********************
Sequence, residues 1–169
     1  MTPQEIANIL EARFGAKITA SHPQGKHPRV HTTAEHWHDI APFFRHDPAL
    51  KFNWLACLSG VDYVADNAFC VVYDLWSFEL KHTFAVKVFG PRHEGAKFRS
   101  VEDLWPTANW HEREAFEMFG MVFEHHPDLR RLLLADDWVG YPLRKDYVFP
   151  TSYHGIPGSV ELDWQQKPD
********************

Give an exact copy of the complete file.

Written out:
Sequence, residues 1–169
     1  MTPQEIANIL EARFGAKITA SHPQGKHPRV HTTAEHWHDI APFFRHDPAL
    51  KFNWLACLSG VDYVADNAFC VVYDLWSFEL KHTFAVKVFG PRHEGAKFRS
   101  VEDLWPTANW HEREAFEMFG MVFEHHPDLR RLLLADDWVG YPLRKDYVFP
   151  TSYHGIPGSV ELDWQQKPD